Lovecraftian Gothic – The Whateleys by Will Beck (www.thelovecraftsman.com)
Noah Whateley, also known as Old Wizard Whateley lived in the rural backwoods of Dunwich with his albino daughter Lavinia who had a child, Wilbur, and a twin. According to Lovecraft’s “The Dunwich Horror” Lavinia gave birth to the twins as a result of a very strange and unique sexual union with Yog-Sothoth (more on that in a future article). The subject for this article is a discussion of the Whateley family, focusing primarily on the Noah and Lavinia Whateley.
The families of Dunwich have been accused of forming…”a race by themselves, with the well-defined mental and physical stigmata of degeneracy and inbreeding.” They have also been accused of…”half-hidden murders, incests and deeds of almost unnamable violence and perversity.” However, these accusations may be just prejudism against members of rural communities. With that said, the families of Dunwich did know to stay away from Old Wizard Whateley, who could be accused of dabbling in degenerate and perverted activities.
Dunwich Portraits: Noah “Old Wizard” Whateley by Sorrowking (www.deviantart.com)
Very little was known about Noah Whateley except that as a resident of Dunwich he was generally shunned for his reputation of dealing with black magic. Another reason was the unexplained death of his wife when their daughter, Lavinia, was twelve years old. Lavinia was described as being a “somewhat deformed, unattractive albino.” Albinism is a recognized recessive human trait, such as color blindness, cystic fibrosis, hemophilia and Sickle-cell anemia. In the case of albinism, a mutation involving a metabolic block associated with tyrosine, results in preventing the production of melanin pigments. This mutation, which can be past to offspring but is a recessive genetic trait, results in the lack of pigment production and thus albinism (Concepts of Genetics by W. S. Klug & M.R. Cummings, 1983).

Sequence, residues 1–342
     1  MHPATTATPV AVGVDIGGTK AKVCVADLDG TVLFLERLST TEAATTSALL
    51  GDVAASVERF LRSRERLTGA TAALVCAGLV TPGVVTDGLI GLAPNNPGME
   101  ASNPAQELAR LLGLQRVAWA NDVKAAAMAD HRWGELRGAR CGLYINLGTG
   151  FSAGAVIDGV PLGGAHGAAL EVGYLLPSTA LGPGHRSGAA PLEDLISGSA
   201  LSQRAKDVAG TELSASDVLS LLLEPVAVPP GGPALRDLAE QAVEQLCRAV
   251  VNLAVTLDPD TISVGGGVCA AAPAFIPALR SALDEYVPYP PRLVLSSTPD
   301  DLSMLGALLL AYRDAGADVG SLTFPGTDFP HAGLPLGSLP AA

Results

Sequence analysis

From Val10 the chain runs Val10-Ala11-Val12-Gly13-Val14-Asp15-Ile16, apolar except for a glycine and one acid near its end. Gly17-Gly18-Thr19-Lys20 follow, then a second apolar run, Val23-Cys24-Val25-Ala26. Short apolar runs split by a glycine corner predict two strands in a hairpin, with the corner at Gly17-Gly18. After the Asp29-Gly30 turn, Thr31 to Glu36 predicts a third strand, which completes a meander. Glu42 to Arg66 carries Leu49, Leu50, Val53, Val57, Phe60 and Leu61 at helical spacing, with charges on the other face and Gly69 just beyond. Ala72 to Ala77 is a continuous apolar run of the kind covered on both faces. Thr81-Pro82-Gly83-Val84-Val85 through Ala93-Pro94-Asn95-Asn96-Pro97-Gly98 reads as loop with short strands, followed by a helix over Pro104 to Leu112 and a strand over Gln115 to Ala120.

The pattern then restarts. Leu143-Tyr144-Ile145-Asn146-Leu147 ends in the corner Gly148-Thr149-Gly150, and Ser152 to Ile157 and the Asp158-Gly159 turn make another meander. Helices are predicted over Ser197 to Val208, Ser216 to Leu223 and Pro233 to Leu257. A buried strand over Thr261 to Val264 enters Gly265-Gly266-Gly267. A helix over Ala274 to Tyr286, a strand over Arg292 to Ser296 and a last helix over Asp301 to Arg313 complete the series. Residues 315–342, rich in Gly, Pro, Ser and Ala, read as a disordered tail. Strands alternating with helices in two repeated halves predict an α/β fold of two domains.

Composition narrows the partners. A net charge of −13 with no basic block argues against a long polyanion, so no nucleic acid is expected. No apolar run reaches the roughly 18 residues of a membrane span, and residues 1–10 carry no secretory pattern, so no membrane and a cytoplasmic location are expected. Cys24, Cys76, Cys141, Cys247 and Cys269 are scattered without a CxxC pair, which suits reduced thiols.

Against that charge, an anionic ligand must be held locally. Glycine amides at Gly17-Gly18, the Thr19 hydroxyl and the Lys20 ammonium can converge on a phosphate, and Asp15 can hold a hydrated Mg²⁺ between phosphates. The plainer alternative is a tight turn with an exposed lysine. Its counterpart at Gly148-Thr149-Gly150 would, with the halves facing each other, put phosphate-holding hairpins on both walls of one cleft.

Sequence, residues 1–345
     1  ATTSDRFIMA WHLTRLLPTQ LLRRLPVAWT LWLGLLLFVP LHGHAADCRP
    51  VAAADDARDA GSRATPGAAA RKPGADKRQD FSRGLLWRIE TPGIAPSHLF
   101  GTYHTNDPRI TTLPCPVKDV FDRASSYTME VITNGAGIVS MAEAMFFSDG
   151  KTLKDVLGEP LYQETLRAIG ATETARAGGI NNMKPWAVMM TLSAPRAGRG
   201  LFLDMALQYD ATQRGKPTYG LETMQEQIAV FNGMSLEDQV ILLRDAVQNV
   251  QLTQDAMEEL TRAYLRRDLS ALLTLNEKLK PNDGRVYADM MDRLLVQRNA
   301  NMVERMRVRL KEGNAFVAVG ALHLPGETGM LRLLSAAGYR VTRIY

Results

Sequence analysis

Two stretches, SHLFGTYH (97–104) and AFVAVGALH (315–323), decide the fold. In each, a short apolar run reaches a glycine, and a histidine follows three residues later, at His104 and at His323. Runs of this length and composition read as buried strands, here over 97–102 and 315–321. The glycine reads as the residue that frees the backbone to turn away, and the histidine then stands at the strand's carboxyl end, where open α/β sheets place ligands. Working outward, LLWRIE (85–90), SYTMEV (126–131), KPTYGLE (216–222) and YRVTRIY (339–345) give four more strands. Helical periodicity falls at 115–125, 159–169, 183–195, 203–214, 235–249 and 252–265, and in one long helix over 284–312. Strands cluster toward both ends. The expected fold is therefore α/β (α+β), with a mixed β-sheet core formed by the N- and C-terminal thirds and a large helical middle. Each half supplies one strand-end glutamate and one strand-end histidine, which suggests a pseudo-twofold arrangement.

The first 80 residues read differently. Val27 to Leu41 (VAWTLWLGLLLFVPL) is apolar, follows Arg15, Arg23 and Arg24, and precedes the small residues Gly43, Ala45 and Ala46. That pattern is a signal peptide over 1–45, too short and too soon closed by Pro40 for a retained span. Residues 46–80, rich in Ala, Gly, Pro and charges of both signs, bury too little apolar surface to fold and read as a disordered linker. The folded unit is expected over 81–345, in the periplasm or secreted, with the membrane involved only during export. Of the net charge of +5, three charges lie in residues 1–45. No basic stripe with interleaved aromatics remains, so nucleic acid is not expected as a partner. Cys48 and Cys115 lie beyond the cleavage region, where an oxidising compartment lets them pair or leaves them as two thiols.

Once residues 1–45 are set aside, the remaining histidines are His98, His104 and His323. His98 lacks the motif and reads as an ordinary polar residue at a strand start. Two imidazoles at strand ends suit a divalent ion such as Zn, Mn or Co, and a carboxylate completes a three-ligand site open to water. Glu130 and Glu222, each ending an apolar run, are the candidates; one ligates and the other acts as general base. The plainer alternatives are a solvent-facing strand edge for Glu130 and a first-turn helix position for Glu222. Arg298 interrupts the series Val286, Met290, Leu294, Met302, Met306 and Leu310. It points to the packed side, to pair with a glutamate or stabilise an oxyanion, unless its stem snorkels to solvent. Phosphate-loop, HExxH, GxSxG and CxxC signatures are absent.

Lavinia Whateley by Hokova (www.deviantart.org)
Although albinism has been associated with inbreeding, it does not necessarily indicate inbreeding. It is true that inbreeding of any species increases the probability of recessive genes to be manifested phenotypically – that is, they show up as an observable or detectable trait. However, the appearance of such recessive traits does not only appear in cases of inbreeding. Two individuals within a population not closely related but heterozygous for a recessive trait (like color blindness) can still result in offspring with the manifested recessive trait. For example, two individuals having the heterozygous genes for color blindness have a 25% chance of having offspring that are color blind. The ability to predict the genetic outcome of offspring for a specific genetic trait was discovered by Reginald Crundall Punnett and William Bateson. In the early 20th century Punnett developed the “Punnett Square” to depict the number and variety of genetic combinations, and had a role in shaping the Hardy-Weinberg law of genetics. Punnett and Bateson co-discovered this “coupling” or gene linkage, moving from genetic probabilities to phenotypic manifestations of observable traits (www.dnaftb.org). William Bateson brought Mendel’s laws of genetics to the attention of biologists in general by translating Mendel’s work into English.
A dihybrid Punnett Square for a recessive genetic trait such as albinism (from http://www.00edu-cdn.com)
My understanding is that albinism is associated with a dihybrid cross, which involved two distinct traits (or phenotypes). Specifically the two traits involved with albinisms is production of the pigment melanin and blood type. Again, while the probability of the manifestation of many recessive traits can increase with inbreeding, the appearance of such traits does not necessarily indicate inbreeding. Indeed, relative to Old Wizard Whateley and his daughter Lavinia there is no direct evidence that her albinism is the result of inbreeding. Unfortunately, that is not necessarily the case with the birth of Lavinia’s twins and that is the focus of the next article. Thank you – Fred.
Dunwich Portraits: Lavinia Whateley by Sorrowking (www.deviantart.com)